Lee G.-S.,Laboratory of Endocrinology and Receptor Biology |
Lee G.-S.,Kangwon National University |
He Y.,Laboratory of Endocrinology and Receptor Biology |
He Y.,Van Andel Research Institute |
And 22 more authors.
Journal of Biological Chemistry | Year: 2013
TTLL5/STAMP (tubulin tyrosine ligase-like family member 5) has multiple activities in cells. TTLL5 is one of 13 TTLLs, has polyglutamylation activity, augments the activity of p160 coactivators (SRC-1 and TIF2) in glucocorticoid receptor-regulated gene induction and repression, and displays steroid-independent growth activity with several cell types. To examine TTLL5/STAMP functions in whole animals, mice were prepared with an internal deletion that eliminated several activities of the Stamp gene. This mutation causes both reduced levels of STAMP mRNA and C-terminal truncation of STAMP protein. Homozygous targeted mutant (Stamptm/tm) mice appear normal except for marked decreases in male fertility associated with defects in progressive sperm motility. Abnormal axonemal structures with loss of tubulin doublets occur in most Stamptm/tm sperm tails in conjunction with substantial reduction in α-tubulin polyglutamylation, which closely correlates with the reduction in mutant STAMP mRNA. The axonemes in other structures appear unaffected. There is no obvious change in the organs for sperm development of WT versus Stamptm/tm males despite the levels of WT STAMP mRNA in testes being 20-fold higher than in any other organ examined. This defect in male fertility is unrelated to other Ttll genes or 24 genes previously identified as important for sperm function. Thus, STAMP appears to participate in a unique, tissue-selective TTLL-mediated pathway for α-tubulin polyglutamylation that is required for sperm maturation and motility and may be relevant for male fertility.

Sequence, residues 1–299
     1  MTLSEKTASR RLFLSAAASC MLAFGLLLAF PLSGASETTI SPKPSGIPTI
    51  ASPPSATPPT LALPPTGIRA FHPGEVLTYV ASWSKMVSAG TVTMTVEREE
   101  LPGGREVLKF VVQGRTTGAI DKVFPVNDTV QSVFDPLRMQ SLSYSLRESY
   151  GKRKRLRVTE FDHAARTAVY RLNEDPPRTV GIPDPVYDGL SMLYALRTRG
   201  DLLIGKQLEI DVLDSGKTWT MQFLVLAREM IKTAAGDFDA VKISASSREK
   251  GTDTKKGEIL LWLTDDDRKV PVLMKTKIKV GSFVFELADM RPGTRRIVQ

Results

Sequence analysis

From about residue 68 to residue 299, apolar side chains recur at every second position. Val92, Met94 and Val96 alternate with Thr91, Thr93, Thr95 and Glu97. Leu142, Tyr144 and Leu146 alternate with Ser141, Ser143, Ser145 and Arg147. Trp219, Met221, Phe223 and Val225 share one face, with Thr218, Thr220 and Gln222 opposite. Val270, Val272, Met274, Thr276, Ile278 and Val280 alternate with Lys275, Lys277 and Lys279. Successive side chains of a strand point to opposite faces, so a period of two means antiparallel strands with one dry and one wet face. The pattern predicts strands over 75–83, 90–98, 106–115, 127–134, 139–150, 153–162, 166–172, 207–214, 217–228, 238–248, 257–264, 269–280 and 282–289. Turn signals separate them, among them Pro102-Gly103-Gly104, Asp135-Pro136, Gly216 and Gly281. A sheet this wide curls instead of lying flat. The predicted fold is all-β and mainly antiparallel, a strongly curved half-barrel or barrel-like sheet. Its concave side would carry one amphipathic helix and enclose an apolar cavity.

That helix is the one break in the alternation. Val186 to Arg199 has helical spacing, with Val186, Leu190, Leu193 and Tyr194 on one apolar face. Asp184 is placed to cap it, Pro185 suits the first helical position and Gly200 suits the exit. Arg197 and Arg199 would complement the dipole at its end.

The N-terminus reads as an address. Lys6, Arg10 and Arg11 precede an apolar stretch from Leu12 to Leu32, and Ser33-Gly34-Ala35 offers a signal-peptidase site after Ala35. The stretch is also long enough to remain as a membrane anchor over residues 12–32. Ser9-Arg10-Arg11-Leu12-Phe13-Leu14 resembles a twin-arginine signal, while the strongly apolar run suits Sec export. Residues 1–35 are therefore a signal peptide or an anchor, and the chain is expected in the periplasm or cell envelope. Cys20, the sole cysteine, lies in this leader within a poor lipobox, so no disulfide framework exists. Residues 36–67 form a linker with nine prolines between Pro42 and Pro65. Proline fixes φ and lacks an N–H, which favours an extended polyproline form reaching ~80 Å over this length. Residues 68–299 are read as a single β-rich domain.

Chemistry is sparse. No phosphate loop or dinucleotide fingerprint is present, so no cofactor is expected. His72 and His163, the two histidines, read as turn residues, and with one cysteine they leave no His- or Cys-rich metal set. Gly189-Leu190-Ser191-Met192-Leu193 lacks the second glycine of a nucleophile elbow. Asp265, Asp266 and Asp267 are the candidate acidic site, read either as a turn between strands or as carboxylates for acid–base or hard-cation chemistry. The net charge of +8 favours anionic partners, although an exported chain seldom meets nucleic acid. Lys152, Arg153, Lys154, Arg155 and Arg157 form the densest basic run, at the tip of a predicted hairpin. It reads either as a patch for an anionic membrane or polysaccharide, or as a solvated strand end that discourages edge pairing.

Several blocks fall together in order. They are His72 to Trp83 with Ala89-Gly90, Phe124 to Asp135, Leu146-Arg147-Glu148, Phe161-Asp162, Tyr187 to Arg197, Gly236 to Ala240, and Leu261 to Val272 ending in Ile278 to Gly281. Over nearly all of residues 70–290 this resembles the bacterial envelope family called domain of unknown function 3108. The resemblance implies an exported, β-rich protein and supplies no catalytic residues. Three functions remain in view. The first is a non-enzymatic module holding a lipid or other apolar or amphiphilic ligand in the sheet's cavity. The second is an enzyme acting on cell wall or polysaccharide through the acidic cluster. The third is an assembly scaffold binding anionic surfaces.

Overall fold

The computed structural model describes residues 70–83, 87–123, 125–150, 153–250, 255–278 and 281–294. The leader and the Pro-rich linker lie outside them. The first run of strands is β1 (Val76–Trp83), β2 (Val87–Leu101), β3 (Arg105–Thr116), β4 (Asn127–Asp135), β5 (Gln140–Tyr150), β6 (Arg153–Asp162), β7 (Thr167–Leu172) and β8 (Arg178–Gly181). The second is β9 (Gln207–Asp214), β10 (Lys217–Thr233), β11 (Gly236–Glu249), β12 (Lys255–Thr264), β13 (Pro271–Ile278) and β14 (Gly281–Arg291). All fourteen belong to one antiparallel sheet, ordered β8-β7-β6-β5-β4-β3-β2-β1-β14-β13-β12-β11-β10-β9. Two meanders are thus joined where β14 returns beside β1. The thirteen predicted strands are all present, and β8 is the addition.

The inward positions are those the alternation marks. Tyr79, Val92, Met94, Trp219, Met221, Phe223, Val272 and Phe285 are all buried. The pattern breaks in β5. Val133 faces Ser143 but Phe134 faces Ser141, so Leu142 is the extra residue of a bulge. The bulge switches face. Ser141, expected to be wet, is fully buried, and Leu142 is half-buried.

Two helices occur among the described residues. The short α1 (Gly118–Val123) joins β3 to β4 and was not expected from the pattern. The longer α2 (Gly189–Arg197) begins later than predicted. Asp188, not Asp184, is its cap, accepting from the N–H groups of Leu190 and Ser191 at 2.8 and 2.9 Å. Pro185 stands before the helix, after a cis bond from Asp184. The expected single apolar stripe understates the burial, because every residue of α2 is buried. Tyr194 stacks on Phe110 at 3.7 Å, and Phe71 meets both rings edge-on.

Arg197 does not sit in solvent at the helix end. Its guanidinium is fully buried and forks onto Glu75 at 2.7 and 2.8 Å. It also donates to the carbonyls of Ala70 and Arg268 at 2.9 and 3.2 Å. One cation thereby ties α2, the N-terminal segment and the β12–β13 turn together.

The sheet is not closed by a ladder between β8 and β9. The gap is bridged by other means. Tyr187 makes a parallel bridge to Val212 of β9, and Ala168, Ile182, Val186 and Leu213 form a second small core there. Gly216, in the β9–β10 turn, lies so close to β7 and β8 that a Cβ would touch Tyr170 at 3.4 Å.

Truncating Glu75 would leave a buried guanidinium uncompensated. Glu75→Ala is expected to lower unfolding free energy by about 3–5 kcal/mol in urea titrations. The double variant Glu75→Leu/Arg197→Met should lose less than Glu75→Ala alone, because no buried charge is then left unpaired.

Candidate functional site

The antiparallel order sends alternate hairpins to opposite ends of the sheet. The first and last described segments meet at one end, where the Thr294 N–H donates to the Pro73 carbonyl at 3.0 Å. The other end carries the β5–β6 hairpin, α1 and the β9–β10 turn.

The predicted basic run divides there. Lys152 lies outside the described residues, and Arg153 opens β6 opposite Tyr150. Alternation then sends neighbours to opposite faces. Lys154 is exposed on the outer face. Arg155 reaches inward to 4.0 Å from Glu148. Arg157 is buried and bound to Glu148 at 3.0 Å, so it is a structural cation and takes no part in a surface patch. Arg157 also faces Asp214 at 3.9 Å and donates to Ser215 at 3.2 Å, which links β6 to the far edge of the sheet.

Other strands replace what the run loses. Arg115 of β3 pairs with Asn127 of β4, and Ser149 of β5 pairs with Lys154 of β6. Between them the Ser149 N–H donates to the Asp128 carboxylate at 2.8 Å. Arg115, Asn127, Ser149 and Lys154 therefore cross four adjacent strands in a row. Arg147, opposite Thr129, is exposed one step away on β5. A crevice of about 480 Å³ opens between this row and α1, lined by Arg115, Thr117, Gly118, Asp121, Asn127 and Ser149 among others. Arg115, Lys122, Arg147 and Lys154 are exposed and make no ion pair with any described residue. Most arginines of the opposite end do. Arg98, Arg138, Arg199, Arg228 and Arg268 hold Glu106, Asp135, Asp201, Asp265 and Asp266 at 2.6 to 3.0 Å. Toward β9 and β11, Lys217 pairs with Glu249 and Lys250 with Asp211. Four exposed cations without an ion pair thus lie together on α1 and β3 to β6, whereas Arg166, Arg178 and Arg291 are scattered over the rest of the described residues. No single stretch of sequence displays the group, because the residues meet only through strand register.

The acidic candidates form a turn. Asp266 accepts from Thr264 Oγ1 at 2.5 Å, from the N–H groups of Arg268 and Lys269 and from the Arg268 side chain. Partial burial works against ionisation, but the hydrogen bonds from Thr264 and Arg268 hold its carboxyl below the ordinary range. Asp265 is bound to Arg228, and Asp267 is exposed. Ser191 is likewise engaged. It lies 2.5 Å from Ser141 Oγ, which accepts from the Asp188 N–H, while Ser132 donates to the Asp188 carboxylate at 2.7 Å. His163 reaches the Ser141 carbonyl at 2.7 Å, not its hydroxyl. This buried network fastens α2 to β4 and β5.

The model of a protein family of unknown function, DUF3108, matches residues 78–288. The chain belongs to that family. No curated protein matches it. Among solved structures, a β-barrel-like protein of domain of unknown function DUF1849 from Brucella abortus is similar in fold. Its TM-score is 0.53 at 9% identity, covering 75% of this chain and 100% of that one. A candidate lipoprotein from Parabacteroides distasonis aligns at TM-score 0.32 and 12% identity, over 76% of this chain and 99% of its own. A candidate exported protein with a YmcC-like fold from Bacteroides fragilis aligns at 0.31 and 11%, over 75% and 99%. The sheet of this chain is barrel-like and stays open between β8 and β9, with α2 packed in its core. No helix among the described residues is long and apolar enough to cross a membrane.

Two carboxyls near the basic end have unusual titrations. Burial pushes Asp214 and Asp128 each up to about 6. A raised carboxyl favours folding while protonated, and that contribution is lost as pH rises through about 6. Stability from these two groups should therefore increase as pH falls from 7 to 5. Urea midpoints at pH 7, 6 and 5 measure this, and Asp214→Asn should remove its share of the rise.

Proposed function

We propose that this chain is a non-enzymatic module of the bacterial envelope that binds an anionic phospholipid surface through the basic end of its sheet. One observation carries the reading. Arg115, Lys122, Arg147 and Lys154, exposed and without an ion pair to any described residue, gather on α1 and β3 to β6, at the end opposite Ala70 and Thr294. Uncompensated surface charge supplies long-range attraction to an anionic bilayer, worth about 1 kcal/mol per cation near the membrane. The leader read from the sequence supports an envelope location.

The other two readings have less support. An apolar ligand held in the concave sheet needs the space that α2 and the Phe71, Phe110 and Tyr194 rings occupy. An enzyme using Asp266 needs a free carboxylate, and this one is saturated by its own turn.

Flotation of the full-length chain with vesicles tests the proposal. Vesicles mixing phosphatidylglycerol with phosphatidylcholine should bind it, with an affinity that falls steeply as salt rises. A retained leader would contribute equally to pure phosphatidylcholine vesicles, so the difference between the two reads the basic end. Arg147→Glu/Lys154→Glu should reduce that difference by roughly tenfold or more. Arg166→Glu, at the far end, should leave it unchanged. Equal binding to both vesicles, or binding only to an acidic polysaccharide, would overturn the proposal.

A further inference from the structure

Forrest D.,Laboratory of Endocrinology and Receptor Biology |
Wess J.,U.S. National Institute of Diabetes and Digestive and Kidney Diseases
Journal of Clinical Investigation | Year: 2013
Thyroid hormone is a well-known regulator of metabolic and cardiovascular functions, and signaling through thyroid receptors has differential effects on cells depending on the receptor isoform that they express. In this issue of the JCI, Mittag et al. provide evidence that thyroid hormone receptors are essential for the formation of a population of parvalbuminergic neurons in the anterior hypothalamus, linking, for the first time, impaired thyroid hormone signaling during development to cellular deficits in the hypothalamus. Since this newly discovered cell group is predicted to play a role in regulating cardiovascular function, these findings suggest that developmental hypothyroidism may be the cause of cardiovascular disorders later in life.